Jenny Marsh, still dangerously attractive after 5 years in prison for killing a man in defense of her shady lover Harry, clashes at first with parole officer Griff Marat, who's determined ... See full summary »
Small-time crook Nick Bianco gets caught in a jewel heist and despite urgings from well-meaning district attorney D'Angelo, refuses to rat on his partners and goes to jail, assured that his wife and children will be taken care of. Learning that his depressed wife has killed herself, Nick informs on his ex-pals and is paroled. Nick remarries, gets a job and begins leading a happy life when he learns one of the men he informed on, psychopathic killer Tommy Udo, has been released from custody and is out for revenge against Nick and his family. Written by
Doug Sederberg <firstname.lastname@example.org>
"The Screen Guild Theater" broadcast a 60 minute radio adaptation of the movie on March 29, 1951 with Victor Mature and Richard Widmark again reprising their film roles. See more »
While talking to convict Nick Bianco (Victor Mature) the Prison's Warden (Howard Smith) calls him "D'Angelo" ; which was the name of the Assistant District Attorney (Brian Donlevy). See more »
I'm askin' ya, where's that squealin' son of yours?
You think a squealer can get away from me? Huh?
You know what I do to squealers? I let 'em have it in the belly, so they can roll around for a long time thinkin' it over. You're worse than him, tellin' me he's comin' back? Ya lyin' old hag!
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This film is "required reading" in the study of gangster films, mostly because of Richard Widmark's exceptional and truly frightening performance as Tommy Udo. Interestingly enough, 43 years later, actor Joe Pesci would also terrify movie audiences with his portrayal of another psychopathic gangster, who also had the rather benign name of 'Tommy'. However, unlike Pesci, Widmark never had another particularly memorable gangster role after this one.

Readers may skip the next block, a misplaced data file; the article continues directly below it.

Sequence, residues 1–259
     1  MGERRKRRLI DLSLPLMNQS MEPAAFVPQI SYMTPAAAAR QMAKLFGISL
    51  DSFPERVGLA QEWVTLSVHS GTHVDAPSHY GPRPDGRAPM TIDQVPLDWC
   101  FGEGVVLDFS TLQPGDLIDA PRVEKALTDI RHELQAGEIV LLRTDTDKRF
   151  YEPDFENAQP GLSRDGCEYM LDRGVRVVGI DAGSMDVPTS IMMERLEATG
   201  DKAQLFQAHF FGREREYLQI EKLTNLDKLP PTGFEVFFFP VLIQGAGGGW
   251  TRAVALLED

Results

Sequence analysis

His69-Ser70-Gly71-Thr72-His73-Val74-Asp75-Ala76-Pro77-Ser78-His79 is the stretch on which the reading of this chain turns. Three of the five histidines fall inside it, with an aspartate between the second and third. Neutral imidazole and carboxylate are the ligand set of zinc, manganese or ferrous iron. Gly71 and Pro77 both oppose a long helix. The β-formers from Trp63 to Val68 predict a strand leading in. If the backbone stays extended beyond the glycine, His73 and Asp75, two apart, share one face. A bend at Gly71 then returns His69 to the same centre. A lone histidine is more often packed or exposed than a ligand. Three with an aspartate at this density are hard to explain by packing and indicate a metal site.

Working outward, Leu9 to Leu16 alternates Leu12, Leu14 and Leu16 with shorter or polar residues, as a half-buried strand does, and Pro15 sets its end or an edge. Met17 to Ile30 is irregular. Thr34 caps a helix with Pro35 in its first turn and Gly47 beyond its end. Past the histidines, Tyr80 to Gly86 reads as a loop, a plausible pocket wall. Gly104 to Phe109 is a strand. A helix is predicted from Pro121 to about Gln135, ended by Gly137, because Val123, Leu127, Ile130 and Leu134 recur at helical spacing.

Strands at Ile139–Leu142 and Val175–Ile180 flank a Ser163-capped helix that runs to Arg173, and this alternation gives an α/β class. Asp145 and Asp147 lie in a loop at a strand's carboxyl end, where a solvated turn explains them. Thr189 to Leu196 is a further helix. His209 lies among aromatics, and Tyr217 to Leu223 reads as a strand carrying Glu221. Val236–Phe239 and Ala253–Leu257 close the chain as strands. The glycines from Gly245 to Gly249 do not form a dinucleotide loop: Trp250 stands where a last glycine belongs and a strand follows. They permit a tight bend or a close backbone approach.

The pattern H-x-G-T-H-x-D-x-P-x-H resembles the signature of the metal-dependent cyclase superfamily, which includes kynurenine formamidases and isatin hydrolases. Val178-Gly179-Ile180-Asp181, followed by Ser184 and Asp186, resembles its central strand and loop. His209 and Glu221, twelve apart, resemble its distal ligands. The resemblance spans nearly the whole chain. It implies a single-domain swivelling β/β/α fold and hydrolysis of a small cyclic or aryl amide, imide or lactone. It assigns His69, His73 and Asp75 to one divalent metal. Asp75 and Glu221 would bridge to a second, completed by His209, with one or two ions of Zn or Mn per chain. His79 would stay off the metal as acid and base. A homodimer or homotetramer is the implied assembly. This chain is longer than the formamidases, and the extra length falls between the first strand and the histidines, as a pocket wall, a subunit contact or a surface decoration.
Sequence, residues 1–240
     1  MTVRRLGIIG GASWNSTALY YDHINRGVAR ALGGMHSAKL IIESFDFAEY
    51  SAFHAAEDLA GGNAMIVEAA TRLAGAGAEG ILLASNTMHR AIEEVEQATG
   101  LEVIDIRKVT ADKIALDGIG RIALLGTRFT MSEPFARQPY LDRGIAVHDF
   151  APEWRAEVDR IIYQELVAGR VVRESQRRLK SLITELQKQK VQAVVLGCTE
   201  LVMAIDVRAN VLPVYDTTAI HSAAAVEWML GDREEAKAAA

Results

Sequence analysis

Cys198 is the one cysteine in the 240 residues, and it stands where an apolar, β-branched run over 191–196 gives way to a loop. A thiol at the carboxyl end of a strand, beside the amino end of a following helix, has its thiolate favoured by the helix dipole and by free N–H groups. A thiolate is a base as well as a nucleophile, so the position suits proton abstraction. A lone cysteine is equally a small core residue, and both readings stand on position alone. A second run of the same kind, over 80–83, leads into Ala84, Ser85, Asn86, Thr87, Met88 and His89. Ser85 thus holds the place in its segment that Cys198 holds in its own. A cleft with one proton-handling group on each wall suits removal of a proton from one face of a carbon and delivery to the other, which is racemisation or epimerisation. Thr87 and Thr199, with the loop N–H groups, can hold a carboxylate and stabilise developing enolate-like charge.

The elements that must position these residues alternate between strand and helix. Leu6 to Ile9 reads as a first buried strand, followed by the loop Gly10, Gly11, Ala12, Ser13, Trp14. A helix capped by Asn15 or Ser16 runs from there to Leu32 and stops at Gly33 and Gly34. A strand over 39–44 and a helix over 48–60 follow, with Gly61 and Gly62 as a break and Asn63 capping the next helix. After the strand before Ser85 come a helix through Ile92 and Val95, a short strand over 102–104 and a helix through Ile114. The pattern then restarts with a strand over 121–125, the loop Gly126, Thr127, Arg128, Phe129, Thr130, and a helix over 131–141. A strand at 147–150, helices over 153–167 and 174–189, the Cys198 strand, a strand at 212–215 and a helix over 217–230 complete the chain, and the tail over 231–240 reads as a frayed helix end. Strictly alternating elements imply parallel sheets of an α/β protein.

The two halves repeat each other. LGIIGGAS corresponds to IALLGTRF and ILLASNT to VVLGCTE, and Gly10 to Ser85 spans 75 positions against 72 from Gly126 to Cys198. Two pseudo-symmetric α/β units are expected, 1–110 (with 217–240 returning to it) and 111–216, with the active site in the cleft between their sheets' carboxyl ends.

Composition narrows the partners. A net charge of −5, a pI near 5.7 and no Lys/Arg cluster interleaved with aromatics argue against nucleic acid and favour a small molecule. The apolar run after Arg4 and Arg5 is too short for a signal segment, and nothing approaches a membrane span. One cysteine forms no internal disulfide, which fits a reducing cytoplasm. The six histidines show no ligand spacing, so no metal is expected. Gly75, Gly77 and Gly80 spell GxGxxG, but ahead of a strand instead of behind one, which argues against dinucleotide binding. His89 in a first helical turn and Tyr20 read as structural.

While a lot of the story is realistic, some of it is far-fetched - mainly, the end. Only a complete lunatic would even think of walking into the headquarters of a gangster that he had just testified against and expect to come out alive. However, the tension in that restaurant confrontation scene is effective, and I suppose for the era in which this film was made, it was necessary to have the 'good hero' face down the 'bad bully' and put him in his place. In reality, of course, it just doesn't happen that way in the world of crime.
But what makes this film is Widmark, and to give an idea of just how effective he was, when this film first came out, a real-life NYC mobster(Joey Gallo) would watch it and earnestly try to imitate Widmark's style and mannerisms, thereby enhancing his own skill in intimidating others. As they say, imitation is the sincerest form of flattery.
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